Unfortunately, when you’re sat in the dock, the person who’s perspective really counts when assessing all this is the judge – and herein we encounter the thorny question of whether the judiciary can be said to move in the same circles as the people – to understand the mind of the common man. On many issues, particularly technology issues which are often the preserve of the young, the judiciary (often the preserve of the not-so-young) simply do not share a realistic understanding of the matters at hand. That’s a major problem for us all, as it means their judgement is, by definition, impaired.

In essence, the Twitter Joke Trial is not merely an effort to bring justice for Paul Chambers, though that’s undoubtedly a big part of it. It’s also about trying to defend the rights of you and I to freely express ourselves on the internet, without having to worry about some civil servant sitting in a darkened office trying to work out if we can be charged for expressing our views. We’ve already had our first case of this legislation being used to put down political opposition (research the #FreeTheBexleyOne hashtag), and we cannot allow it to go any further. A line has to be drawn in the sand that says we are free, within the confines of Article 10 of the European Convention on Human Rights, to express ourselves – even using humour / satire should we choose.

Social media, and particularly Twitter, represents a massive shift of power in this country. Suddenly, the masses are able to communicate with ease, or organise campaigns, to discuss strategies. We are no longer the docile isolated rabbits of the past – we’re able to move en-mass, to hold to account, to scrutinise. This has been helped by the fact that a lot of politically aware people have flocked to Twitter, and the site is truly gaining influence. The beautiful thing about it of course is that it has to leader – it’s more of a hive mind that truly reflects what the rest of us think and feel – and if you’re a part of the establishment, that’s a scary thing.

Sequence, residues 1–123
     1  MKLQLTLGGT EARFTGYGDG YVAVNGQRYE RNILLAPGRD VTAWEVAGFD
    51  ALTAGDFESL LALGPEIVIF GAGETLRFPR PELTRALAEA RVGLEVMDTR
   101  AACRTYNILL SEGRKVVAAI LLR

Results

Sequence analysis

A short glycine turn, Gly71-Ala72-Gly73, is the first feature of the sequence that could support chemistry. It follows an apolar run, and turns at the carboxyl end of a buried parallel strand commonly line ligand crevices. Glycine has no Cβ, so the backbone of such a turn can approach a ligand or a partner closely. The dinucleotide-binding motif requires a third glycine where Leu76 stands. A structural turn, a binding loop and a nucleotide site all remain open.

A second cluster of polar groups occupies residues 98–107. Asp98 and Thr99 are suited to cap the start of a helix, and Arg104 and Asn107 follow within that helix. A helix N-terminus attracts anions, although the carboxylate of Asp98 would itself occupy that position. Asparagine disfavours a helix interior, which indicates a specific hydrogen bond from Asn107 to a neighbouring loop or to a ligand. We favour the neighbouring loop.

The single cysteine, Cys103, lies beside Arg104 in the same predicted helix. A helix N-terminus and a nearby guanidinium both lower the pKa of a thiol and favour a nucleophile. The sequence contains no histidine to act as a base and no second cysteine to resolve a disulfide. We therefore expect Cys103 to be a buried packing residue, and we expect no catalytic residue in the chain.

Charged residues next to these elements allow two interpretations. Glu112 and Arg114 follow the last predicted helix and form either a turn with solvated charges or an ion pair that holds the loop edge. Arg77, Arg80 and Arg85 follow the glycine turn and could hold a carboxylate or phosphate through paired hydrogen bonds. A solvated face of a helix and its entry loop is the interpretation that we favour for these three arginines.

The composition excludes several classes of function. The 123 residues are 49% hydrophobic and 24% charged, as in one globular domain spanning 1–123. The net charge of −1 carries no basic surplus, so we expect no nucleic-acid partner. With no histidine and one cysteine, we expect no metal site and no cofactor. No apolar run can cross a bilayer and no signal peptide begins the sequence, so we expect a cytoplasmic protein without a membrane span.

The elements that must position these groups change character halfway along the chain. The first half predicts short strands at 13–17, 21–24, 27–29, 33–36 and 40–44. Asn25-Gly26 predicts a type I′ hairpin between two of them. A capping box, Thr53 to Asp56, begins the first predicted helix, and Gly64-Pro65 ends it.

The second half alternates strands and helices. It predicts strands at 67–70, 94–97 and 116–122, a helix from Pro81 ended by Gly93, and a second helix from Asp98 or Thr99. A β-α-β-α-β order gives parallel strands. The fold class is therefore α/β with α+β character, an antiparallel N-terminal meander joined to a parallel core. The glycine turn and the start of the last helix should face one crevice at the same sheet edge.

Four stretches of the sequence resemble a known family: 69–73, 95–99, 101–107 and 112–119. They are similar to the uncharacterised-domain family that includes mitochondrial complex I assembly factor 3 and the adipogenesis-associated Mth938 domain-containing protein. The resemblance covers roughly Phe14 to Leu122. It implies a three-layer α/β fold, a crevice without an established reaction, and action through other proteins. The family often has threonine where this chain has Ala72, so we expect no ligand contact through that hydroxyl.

So – rant over… What can you do to help? Well, first of all, and more practically, you can donate to the appeal fund. Although Paul’s legal team are largely fighting this one for free or peanuts, they still encounter legitimate expense, making the appeal fund absolutely essential to the fight. Here’s a link to the donation page

Secondly, discuss this case with friends, with colleagues, with anyone who will listen. We need to raise the profile of this one particular case, as to be honest this is our one opportunity to give those that wish to control our use of the internet a bloody nose. We are unlikely to have this chance, this level of support, ever again.

Thirdly, remain vigilent… The government have plenty of sinister legislation in mind for the internet – be on the watch for it, and oppose it, lawfully. Until we get a verdict on #TwitterJokeTrial though, I’d shy away from anything too offensive!



1 Comment »

  1. I think people felt bad for me afterwards
    because of how nervous I was. Another important point of comparison between the two companies
    would be in political and charitable affiliations. An estimated 80% of Americans between the ages of 33 and 44 use the internet as a tool for research, shopping and banking.

    Comment by Sondra — March 19, 2013 @ 3:42 pm | Reply